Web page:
I have sat in a thousand development meetings, and nearly all of them have had the same familiar desperation.  One I was at fairly recently was an ungodly early meeting on a cold motorcycling morning with an uber smart Millenial in charge of the food.  As I sat there with no donuts, only some sort of things made out of sticks and twigs, I raged and raged inside.  I was hearing the same things, the exact same things,  now for ten years except now there weren’t even fucking donuts.  One of the Baby Boomers from the committee started in on the “we need to find a Champion” tune.  In Pennsylvania anyway this always leads to the name dropping of several famous people, Kevin Bacon, Gerry Lenfest, and Taylor Swift.  If I had a nickel for every time I heard the name Gerry Lenfest, I’d be a one man development MACHINE.  There were still no donuts here.  Not a one.  Kevin Bacon and Gerry Lenfest are obviously decent, generous fellows who contribute time and money to culture in Pennsylvania, but does anyone here know them?  No.  It’s like wanting a donut.  I had this thought, “What about me?  I’m a champion, goddammit.”

I am a champion.  It’s simply not enough because I am nobody.  I don’t think I’m nobody, but I know a lot of people do.  What proof do they have that I am someone?  None.  Have I given enough to any cause to have a brick or a placard with my name on it?  Is there a hospital wing with my name on the outside of it?  All the other pieces are there.  My head is full of the music we all must sing advocating for culture, museums, heritage, and the arts.  My numbers are good numbers.  You want data, I have data.  Yet data is not enough.  There’s an entire movement that seems to believe data is the last thing you want.  You have to have passion and some kind of superpower it seems.  Passion is easy when you’ve been in the field a while. We get to do things nobody much gets to do.  I’ve seen enchanted things in my career, and it is one of the things you swap for affluence when you sign on with non profit museum work.   I am passionate, but none of us are getting rich here.  That’s what makes the power work like fuel with the spark of passion and the oxygen of passion.  And that’s part of the problem.  That’s what makes me nobody.

As part of my work day, I look at museum job openings across the U.S. on a weekly basis.  It seems that leadership and development positions have just plain gone weird on Gen X.  There was a job search going on a while ago at the Smithsonian Museum of American History after Brent Glass’ departure.  There was a simultaneous search for a head of the museum studies program over at American University.  I took both the job postings and looked at them side by side just out of curiosity.  Here were two high profile gigs in the same town.  Both job adverts demanded a high level of education, something I’ve been too busy working and raising kids over the years to achieve.  Both job adverts were for big jobs, management, fundraising, and all the other bells and whistles.  The short sighted nugget was that the American job was only a year’s worth of non tenure track job, yet both of these positions demanded experience, proven abilities, and a subtext that Gen X need not apply.  There was something about the number of years in the field that just edged us out of both.  And who wants these jobs?  They need people who slightly resemble the last person who held the office. They need someone who can poop rainbows.  A unicorn that poops rainbows would be ideal.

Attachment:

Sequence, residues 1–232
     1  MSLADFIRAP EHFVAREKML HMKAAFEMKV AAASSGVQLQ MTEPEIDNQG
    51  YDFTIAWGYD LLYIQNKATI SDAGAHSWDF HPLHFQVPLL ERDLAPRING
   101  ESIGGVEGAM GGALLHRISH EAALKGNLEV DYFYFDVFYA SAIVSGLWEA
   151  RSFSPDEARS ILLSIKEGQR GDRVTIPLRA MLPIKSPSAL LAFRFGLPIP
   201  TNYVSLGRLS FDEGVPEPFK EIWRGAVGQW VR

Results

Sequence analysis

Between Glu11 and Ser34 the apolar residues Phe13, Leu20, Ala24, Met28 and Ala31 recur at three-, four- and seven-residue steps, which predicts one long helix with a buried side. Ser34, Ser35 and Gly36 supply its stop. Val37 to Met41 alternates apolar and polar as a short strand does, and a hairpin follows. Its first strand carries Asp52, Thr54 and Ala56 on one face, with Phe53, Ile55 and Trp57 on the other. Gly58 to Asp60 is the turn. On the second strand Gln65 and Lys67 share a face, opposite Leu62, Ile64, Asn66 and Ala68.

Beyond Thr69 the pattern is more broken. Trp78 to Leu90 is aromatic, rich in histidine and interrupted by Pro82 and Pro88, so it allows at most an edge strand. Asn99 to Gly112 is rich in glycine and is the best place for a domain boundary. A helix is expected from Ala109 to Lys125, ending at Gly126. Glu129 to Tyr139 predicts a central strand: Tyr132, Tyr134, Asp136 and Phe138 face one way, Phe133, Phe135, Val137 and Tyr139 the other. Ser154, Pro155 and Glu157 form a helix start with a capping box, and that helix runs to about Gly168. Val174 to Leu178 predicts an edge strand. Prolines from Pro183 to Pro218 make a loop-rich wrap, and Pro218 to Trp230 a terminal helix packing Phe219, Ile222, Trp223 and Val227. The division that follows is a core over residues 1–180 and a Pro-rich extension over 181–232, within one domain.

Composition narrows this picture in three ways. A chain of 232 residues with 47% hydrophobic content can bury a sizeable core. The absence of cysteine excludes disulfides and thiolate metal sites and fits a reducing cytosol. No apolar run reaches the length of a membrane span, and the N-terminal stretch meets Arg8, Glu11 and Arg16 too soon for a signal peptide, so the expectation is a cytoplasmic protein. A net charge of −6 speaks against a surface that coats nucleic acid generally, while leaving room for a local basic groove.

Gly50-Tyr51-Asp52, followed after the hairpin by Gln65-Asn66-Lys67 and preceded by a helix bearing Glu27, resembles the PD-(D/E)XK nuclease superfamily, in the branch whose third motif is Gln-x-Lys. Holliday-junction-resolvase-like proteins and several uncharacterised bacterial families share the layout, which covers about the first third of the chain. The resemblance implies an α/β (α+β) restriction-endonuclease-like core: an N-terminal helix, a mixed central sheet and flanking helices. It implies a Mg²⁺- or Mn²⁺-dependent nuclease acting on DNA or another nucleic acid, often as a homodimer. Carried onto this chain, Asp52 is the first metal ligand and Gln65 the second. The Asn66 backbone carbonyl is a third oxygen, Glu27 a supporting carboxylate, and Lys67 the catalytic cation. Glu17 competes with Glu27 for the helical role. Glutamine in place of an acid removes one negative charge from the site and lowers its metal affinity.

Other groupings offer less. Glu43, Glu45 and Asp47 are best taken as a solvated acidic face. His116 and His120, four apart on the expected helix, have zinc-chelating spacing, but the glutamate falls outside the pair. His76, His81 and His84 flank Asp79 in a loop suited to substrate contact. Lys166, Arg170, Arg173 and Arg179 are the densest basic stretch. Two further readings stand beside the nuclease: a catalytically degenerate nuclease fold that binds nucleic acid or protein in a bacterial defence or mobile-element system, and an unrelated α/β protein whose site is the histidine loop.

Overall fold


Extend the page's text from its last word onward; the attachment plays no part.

Cultivating Baby Boomers is the status quo.  Far too much of it is being done, if  you ask me.  Baby Boomers won’t be here forever.  Gen Y is going to be where it’s at in fundraising by the time I get my pink slip or resign.  What are they going to want?  How much are they going to be willing to give?  You’d best get started.

Smells Like Pioneer Spirit: Isolation & Innovation

Because many of you attended #AAM2012 in Minneapolis you know that its Minnesota Museum Month this May. I have been visiting a Museum-A-Day to contribute to bring awareness to the 600+ museums in my home state, with aprox 60 in my local metropolitan area.  You all came here and loved it- I heard all weekend how you loved our museums and the food and how cool it was. Yes, Having the most museums per capita is amazing but because I live here I have always had the perspective that Im supposed to move to New York or California to “make it”… and living in MN is like living in the middle of nowhere.  So with that feeling I thought of what pioneers GenXers are known for being and went to visit a museum out in the middle of nowhere to deeper embrace my Minnesota Museum culture.  I went out to rural MN and had a profoundly successful museum experience and also found parts of my identity there.  I learned more about the feminine identity of the 19th century and felt that I could relate with them by being isolated and innovative. I also learned that I love where I am…even in seemingly the middle of nowhere! GenX smells like Pioneer Spirit!

Please read about how a GenX finds herself at the farm.

This is one of my first blog posts on museums.

Let me know I’m not alone out here..

–Paige Dansinger  @museumpaige

When we run out of old white men…

Sometime in early November I came across the blog post the usual way. It was tweeted, and the catchy 140 headline made me think, “Whoa, here is somebody with something to say.”

That tweet was: What’s the easiest way to be a Museum Director? Evidently, be a man. There was a link with its crystal blue cryptic temptation.